, CNET's cell phone guru, wants to answer your questions about cell phones, services, and accessories. Send him a question!
I checked the radiation level for two Motorola phones, the V360
and the Razr V3
, on CNET's radiation charts
, and I wonder why they differ from the SARs for these phones on the Motorola Web site? Could you explain?
A: CNET always lists the highest at-ear radiation level for a phone in our radiation charts. (Read more about our policy in the introductory paragraph on the first page of our charts feature.) The manufacturers, however, may take a different approach. Since the radiation level varies for each individual band, manufacturers often list the level for the most frequently used band rather than the highest overall. So, for example, since the 850 band is the more widely used GSM frequency in the United States, manufacturers may list that band on their site. On the other hand, CNET will list the rating for the 1900 band even if it's used less frequently.
Granted, it's a complicated issue. To get the most comprehensive radiation information for a particular phone, consult the user manual (usually it's listed in the back under the health and safety section) or the FCC Web site. If you use the FCC's site, you'll need your handset's FCC ID number. You can find that behind your phone's battery (it will be labeled as "FCC ID"), in the aforementioned section of the user manual, and in our radiation charts. And yes, we sometimes make mistakes. If you see one on CNET, talk back to me below.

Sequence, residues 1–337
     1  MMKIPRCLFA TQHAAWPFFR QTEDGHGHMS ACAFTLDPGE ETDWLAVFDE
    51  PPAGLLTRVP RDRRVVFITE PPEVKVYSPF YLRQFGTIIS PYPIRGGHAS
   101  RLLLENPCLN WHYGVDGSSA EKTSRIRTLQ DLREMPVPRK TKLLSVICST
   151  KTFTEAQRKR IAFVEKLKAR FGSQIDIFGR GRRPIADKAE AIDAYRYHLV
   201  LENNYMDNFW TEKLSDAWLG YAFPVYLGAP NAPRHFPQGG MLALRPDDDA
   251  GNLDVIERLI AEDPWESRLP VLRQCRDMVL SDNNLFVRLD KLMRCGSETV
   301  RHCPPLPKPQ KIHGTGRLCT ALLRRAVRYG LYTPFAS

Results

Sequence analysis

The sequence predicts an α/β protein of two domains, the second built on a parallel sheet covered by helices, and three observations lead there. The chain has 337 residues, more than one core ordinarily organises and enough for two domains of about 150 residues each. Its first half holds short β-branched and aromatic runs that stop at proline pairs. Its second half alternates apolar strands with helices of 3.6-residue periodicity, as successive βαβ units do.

Is it possible to get T-Mobile or Cingular service on a Nokia N80
A: That's a popular question. The Nokia N series has been the talk of the cell phone town for some time now. And for the most part it's lived up to the hype. CNET editor Bonnie Cha loved the N80 and gave it high marks all around. But while the rumor mill has long said the N80 will land at Cingular this year, the carrier hasn't confirmed the gossip thus far. If you're desperate to use the phone, however, you can purchase an unlocked N80 and use it with Cingular or T-Mobile. Just keep in mind that without any service rebates, you will open your wallet wide for the privilege. Currently the N80 will run you about $500 to $600. Q:
I have a cell phone from a canceled contract that I'd like to use. Can I buy a prepaid phone and use that handset's SIM card in my old model? Will that work, and how would I activate my old phone?
Should cell phones be allowed on planes? Talk back to me below.
That's a tough question, Linda, as an answer depends on a few factors. If your old phone is either unlocked or shares the same carrier as the new prepaid handset, you may be in luck. But if the two phones are from different carriers, you won't be able to make the switch. Secondly, your choice of prepaid SIM may cause problems. Cingular restricts its prepaid plans for use on a select number of phones (called Go Phones). If your new phone isn't on the list (check Cingular's Web site
), you may have a problem.
I'm also wondering about the canceled contract you mentioned. If the contract was canceled by the carrier because the old subscriber didn't pay the bills, the carrier will block that handset from use. But if the contract simply expired or was broken through payment of an early termination fee, you might be successful.